Main article: History of the Jews in Madagascar

In early modern times it was widely believed that Israelites had settled in Madagascar. Works by the French scholar Alfred Grandidier and Augustus Keane, the British professor of Hindustani at University College, London provided what they saw as conclusive proof of these ancient connections.[20] In 2010 a small community of Malagasies began practicing normative Judaism, and three separate communities formed, each embracing a different version of Jewish spiritual practice.[21] In May 2016, 121 members of the Malagasy Jewish community were converted in accordance with traditional Jewish rituals; appearing before a beit din and submerged in a mikvah. The conversion, organized with the help of the Jewish organization Kulanu, was presided over by three Orthodox rabbis.[21]


Main articles: History of the Jews in Nigeria and Igbo Jews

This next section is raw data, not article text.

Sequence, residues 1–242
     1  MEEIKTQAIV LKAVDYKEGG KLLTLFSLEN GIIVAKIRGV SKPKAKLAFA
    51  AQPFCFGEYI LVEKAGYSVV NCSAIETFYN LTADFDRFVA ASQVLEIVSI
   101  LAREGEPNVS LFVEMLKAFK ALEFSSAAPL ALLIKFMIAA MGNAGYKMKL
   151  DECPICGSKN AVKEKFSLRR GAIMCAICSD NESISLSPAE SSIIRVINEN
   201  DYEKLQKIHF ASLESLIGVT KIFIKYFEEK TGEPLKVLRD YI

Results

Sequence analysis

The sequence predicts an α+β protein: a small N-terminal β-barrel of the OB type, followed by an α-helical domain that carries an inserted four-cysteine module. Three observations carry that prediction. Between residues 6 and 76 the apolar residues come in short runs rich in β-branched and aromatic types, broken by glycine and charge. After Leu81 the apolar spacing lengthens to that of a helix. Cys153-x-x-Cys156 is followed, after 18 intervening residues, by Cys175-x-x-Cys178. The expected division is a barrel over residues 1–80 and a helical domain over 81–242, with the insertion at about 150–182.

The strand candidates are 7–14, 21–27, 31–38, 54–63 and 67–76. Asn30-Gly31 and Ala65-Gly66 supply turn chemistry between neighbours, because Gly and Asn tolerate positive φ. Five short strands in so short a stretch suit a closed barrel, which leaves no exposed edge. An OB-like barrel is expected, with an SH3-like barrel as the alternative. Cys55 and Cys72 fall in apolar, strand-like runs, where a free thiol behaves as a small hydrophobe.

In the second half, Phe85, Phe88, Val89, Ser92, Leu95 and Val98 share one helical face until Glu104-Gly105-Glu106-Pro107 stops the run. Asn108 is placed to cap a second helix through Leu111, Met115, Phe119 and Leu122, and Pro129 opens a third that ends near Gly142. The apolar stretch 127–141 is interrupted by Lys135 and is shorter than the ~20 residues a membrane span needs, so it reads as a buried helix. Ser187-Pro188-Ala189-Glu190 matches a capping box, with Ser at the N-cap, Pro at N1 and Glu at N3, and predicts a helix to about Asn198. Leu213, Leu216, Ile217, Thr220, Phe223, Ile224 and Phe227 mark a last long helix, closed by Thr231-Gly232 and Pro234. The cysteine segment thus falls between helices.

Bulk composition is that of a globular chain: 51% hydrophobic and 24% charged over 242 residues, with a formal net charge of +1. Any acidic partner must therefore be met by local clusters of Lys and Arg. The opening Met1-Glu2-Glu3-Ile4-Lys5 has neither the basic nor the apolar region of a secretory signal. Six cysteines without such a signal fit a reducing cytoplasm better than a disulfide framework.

At the present time, the existence of Israelite associations is mainly attributed to the Igbo, many of whom claim Israelite origins. Most of the Jews of Nigeria can be found among the Igbo ethnic group. Certain Nigerian communities with Judaic practices have been receiving help from individual Israelis and American Jews who work in Nigeria with outreach organizations like Kulanu.[22][23] The number of Igbos in Nigeria who identify as Jews has been estimated to number around 4,000 (2016), along with 70 synagogues. Many have converted from Christianity.[23] Other sources give a higher estimate, claiming that some 30,000 Igbos were practicing some form of Judaism in 2008.[24]

South Africa

Main article: History of the Jews in South Africa